Latest phase of ongoing offensive aims at ousting militant group from its last major stronghold in country.
Iraqi forces advanced on Thursday after declaring a new phase in their offensive on eastern Mosul, stepping up efforts to reclaim the Islamic State group’s last major stronghold in the country.
Elite forces have retaken several parts of eastern Mosul since beginning the massive operation to recapture the northern city from the jihadists on Oct. 17, but I.S. still occupies the city’s west.
Security chiefs said several neighborhoods had been taken, with the bodies of I.S. fighters seen lying on the streets and drone footage showing others retreating.
Retaking Mosul could effectively end the jihadist group’s days as a land-holding force in Iraq and deal a death blow to the “caliphate” I.S. leader Abu Bakr al-Baghdadi proclaimed in the city in June 2014.
“The second phase of liberating the left bank in Mosul was launched, and our forces began advancing toward Al-Quds neighborhood,” said Staff Lieutenant General Abdulghani al-Assadi, a senior officer in Iraq’s Counter-Terrorism Service. “Our forces clashed with the enemy and there is resistance,” he told AFP, adding forces on the northern and southern fronts were also advancing.
Mosul, now the last Iraqi city in which I.S. still holds significant territory, is split by the Tigris River, with the east side referred to as the left bank and the west as the right.
Iraq’s federal police commander, Raed Shaker Jawdat, said “the enemy’s line of defense has fallen back” inside the city. “The streets of the Al-Salam, Al-Intisar, Al-Wahda, Al-Falestin and Al-Quds neighborhoods are strewn with the bodies of Daesh fighters,” he said.
Police had also entered deep into the district of Jadida al-Mufti.
The commanding chief of the offensive, Staff Lieutenant General Abdulamir Yarallah, late Thursday announced “the liberation of the Al-Quds 1 district.”
The commander said police drones had spotted I.S. fighters retreating to the city’s western side via a pedestrian bridge badly damaged in the fighting.
Centcom, the U.S. military command in the Middle East, said the U.S.-led coalition fighting I.S. had disabled “the last bridge crossing the Tigris river inside Mosul” this week at the Iraqi government’s request. It said meanwhile that an investigation had been opened after a U.S.-led air raid on an I.S. van during the Mosul operations on Thursday struck “what was later determined to be a hospital compound parking lot resulting in possible civilian casualties.”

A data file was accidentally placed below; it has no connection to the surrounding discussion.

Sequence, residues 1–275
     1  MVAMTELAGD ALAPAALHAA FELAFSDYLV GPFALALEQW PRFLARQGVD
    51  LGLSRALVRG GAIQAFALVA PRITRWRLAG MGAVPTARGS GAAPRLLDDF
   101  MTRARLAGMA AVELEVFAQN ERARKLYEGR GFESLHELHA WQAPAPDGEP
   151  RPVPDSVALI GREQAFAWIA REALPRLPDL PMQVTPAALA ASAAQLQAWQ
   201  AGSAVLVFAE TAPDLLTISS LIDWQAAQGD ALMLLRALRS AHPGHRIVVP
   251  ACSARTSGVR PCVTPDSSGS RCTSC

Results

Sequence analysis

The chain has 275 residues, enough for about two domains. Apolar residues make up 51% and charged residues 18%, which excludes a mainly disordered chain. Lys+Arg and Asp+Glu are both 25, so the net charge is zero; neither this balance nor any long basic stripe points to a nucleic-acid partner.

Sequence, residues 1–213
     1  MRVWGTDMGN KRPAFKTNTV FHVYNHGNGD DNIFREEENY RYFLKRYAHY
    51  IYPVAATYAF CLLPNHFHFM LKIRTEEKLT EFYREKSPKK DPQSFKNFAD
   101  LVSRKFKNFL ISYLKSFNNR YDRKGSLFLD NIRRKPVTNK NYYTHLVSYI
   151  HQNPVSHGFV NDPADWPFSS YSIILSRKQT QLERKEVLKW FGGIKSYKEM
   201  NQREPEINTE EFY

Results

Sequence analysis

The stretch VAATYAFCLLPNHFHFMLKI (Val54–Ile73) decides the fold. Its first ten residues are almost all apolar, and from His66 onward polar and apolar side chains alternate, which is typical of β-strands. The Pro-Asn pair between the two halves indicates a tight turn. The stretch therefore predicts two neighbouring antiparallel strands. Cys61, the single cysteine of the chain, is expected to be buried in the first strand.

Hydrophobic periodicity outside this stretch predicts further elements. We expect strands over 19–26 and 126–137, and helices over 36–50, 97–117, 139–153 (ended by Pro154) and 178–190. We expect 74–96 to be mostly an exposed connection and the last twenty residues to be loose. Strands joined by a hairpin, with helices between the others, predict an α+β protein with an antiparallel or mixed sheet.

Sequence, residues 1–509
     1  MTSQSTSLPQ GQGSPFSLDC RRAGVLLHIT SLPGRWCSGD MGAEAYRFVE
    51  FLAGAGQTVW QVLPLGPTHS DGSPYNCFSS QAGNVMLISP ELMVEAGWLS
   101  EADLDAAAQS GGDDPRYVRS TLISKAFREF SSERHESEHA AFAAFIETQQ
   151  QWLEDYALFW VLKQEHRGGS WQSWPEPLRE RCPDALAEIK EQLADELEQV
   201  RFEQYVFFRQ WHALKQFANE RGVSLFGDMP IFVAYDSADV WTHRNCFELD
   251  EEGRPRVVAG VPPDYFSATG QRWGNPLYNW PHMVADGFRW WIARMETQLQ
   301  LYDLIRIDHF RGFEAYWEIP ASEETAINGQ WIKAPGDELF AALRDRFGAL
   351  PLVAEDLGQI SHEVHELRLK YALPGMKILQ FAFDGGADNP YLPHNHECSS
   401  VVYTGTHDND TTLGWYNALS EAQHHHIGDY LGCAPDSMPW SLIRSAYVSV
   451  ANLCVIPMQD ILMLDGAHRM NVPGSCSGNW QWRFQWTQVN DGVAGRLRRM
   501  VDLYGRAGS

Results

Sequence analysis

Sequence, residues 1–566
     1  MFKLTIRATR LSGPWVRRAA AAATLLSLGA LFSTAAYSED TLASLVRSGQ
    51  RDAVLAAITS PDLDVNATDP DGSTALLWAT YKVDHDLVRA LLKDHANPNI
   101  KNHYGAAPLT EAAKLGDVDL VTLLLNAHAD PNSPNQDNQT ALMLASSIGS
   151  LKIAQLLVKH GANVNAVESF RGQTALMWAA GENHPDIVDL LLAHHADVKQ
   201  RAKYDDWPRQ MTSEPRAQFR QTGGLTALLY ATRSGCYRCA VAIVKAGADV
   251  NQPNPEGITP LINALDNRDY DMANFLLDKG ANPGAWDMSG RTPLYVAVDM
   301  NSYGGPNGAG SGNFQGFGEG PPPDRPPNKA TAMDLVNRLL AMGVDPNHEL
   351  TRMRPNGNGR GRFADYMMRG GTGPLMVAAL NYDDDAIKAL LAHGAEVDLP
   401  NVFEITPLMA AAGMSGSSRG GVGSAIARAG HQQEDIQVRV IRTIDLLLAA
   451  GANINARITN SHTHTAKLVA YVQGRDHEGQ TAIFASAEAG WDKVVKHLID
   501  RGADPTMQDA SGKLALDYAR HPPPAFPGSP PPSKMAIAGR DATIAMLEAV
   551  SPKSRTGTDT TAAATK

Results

A Mosul inhabitant who requested anonymity reported hearing many explosions and said residents were holed up indoors.
The new push in the battle for Mosul comes after progress slowed to a crawl in the past few weeks. After two months of fighting, Iraqi Prime Minister Haider al-Abadi last week said the army had decided to review battle plans and pause to reduce losses.
The fighting has been all the more devastating as it has been happening in a city amid civilians. I.S. has targeted the army with car bombs on at least 900 occasions in the streets of Mosul since Oct. 17, according to Abadi.
I.S. overran large areas north and west of Baghdad in 2014, but Iraqi forces backed by U.S.-led airstrikes have since regained much of the territory they lost to the jihadists.
Abadi had pledged that Mosul would be recaptured by year’s end—a goal that is now out of reach, as operations in western Mosul have yet to begin. The Iraqi prime minister also said this week that three months were needed to eliminate I.S. in the country.
High-ranking officials believe the battle against I.S. could drag on, and the Sunni Muslim extremist group continues to carry out attacks in areas from which it had been dislodged by the government offensive.
Last week, an I.S. triple car bombing on a market in Gogjali a few kilometers east of Mosul killed at least 23 people. The army had retaken Gogjali from the jihadists in early November after more than two years of I.S. occupation.